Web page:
Tsurumi Ward in Osaka is pushing for a 5 billion yen menagerie in Tsurumi Ryokuchi Park, with the hope of attracting one million visitors a year. The proposed site is the last habitat in Osaka for gray-headed lapwings (keri, Microsarcops cinereus) and already home to about 40 wild bird species. The plan calls for a 5-6000 square meter dome which imitates a tropical rain forest. Fifty or 60 species from around the world, including the Bird of Paradise from southeast Asia and the Quetzal from Central America, will be brought for display. The Wild Bird Society of Japan argues that some of the species are listed on the Convention on International Trade in Endangered Species (CITES). Project director Tachibana Minoru says mainly zoo-bred birds will be acquired, and wild birds will be captured only if their populations are healthy. A Wild Bird Society member says, "The idea of a menagerie is anachronistic. If you want to see tropical birds, you should go to tropical regions." (JT 2 June)
Little terns (ko-ajisashi, Sterna albifrons) have returned this spring to colonize a beach in Shizuoka Prefecture. A local environmental group, Sanctuary Japan, reported that the terns arrived in May and built 209 nests. No terns have bred in the last 5 years there while off-road vehicles were permitted to drive along the coast, but in December 1994 the prefectural government prohibited driving in a 10-kilometer long area. Little terns, a designated rare species in Japan, breed here after wintering in Australia. The newly protected stretch of beach is also a significant breeding area for loggerhead turtles (DY 8 June). An Environment Agency study shows little tern breeding areas disappearing because of construction. The tern prefers unvegetated places, often on reclaimed land, and these are popular for development. Just four nesting sites in Japan host more than a thousand terns (JT 10 May).
A colony of 600 black-tailed gulls (umineko, Larus crassirostris) have nested this year near a town in Akita Prefecture. The Nikahomachi gulls show little fear of cars and people, and sometimes search for food near homes. Nearly all black-tailed gulls in the Tohoku region nest on remote cliffs and islands far from humans. Tsukamoto Yozo, vice chairman of the Wild Bird Society of Japan, says, "I have never heard of anything like this." One expert believes that Tobishima island, a prime nesting area, has become overcrowded, and the displaced birds settled in Nikahomachi (DY 12 July). Reports are increasing of wild birds moving into cities, including common gallinules (ban, Gallinula chloropus), cormorants (u), and jungle crows. An estimated 20,000 highly adaptable jungle crows (hashibuto-garasu, Corvus macrorhynchos) now reside in Tokyo, double the count of 5 or 10 years ago. Last year the crows provoked a thousand citizen complaints to city hall. With habitat destruction in their wild territories, owls and hawks are also being sighted more frequently in cities (JT 25 June).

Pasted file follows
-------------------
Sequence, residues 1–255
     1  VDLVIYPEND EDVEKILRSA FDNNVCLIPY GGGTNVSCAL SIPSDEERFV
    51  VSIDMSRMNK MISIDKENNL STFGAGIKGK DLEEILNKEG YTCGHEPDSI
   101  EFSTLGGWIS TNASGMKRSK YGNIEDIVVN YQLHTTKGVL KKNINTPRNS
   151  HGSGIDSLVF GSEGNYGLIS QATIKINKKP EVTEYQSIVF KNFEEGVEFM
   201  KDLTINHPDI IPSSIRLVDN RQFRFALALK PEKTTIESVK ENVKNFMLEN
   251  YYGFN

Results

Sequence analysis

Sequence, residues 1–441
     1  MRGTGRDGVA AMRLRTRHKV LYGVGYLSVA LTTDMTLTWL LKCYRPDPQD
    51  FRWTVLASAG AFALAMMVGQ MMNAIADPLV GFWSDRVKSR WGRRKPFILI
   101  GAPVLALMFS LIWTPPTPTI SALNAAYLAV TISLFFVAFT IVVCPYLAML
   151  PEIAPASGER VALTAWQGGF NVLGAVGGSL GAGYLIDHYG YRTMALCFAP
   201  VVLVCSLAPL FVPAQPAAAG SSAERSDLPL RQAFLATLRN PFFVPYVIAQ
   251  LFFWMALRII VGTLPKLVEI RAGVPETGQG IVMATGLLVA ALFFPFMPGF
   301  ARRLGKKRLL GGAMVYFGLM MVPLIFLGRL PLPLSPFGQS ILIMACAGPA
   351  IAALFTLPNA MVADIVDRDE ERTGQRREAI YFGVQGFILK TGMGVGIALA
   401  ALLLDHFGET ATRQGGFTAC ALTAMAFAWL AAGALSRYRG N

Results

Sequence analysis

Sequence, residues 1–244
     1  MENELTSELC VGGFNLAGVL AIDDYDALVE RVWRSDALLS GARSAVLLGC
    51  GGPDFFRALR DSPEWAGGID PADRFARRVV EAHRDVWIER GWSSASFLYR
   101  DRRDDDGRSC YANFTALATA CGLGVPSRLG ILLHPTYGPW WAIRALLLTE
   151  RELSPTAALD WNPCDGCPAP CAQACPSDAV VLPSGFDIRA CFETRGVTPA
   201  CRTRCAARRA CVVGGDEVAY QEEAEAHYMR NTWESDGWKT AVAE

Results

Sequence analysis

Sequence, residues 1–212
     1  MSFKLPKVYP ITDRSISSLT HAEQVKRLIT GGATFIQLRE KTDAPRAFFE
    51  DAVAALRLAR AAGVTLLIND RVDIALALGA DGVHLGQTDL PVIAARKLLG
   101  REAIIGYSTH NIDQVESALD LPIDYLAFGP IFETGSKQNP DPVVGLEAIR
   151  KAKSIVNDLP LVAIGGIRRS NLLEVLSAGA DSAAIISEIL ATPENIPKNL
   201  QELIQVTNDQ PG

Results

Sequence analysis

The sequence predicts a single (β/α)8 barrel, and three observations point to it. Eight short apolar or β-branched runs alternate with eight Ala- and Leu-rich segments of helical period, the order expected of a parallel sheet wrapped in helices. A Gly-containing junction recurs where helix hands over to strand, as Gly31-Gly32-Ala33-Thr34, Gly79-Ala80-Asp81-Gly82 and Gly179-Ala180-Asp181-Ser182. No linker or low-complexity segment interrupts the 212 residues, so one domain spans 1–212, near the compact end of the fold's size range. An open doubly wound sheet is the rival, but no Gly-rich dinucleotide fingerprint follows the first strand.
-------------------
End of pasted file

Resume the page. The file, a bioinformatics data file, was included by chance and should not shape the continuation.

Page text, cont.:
North Korea has established 3000-hectare and 2000-hectare sanctuaries in order to protect migrating white-naped cranes (mana-zuru, Grus vipio) and hooded cranes (nabe-zuru, Grus monacha). Development in the area will be prohibited, and rangers will enforce protection measures. The two cranes species migrate from Siberia and winter in Japan at Izumi, Kagoshima Prefecture. (DY 11 Aug)
The only wild crested ibises in the world, in Shaanxi province in China, are on the increase. There are now 43 wild ibises (toki, Nipponia nippon), plus 25 living at a breeding center. According to Japanese ornithologists who visited Shaanxi, the province is considering giving birds to Japan to continue captive breeding efforts. Japan had been attempting to breed the species at a facility on Sado island, Niigata Prefecture until last year, but a female ibis, on loan from China, was given back to Shaanxi after its last potential mate died in April 1995. The breeding center in China was established in 1990 with Japanese assistance. It returned three birds to the wild last year. (JT 21 Aug)
The endangered Blakiston fish-owl, living in Hokkaido and the Kuril Islands, can't wait much longer for Japan and Russia to settle their 50-year old dispute, according to an owl researcher. Currently there is no overall management plan for the species (shima-fukuro, Ketupa blakistoni). An estimated 100 birds live in Hokkaido, with about 300 on the Russian islands of Kunashiri, Etorofu, and Shikotan, which are also claimed by Japan. The owl is nearly extinct on the Russian island of Sakhalin. Now Russian and Japanese researchers are exchanging information over the Internet, but the Japanese researcher says intergovernmental surveys and other steps must be carried out to save the species. In Hokkaido little habitat is left for the fish-owl; many birds nest in special boxes or catch fish at fish farms. In the Kurils, however, the fish-owls still live in a natural state. The Kurils have belonged to the USSR, and now Russia, since 1945; they were seized two weeks after the Japanese surrender in World War II, and Japanese diplomacy has failed to get them back (JT 20 Sep). The fish-owl uses various hunting strategies like snatching or plunging to catch trout, char, salmon, frogs, and in winter, various rodents. It depends on large trees with cavities for nesting. Logging and river development have mainly caused the population decline. Though designated as a Natural Monument, the owl has no protected habitat in Hokkaido (The Birds of Japan, Mark Brazil).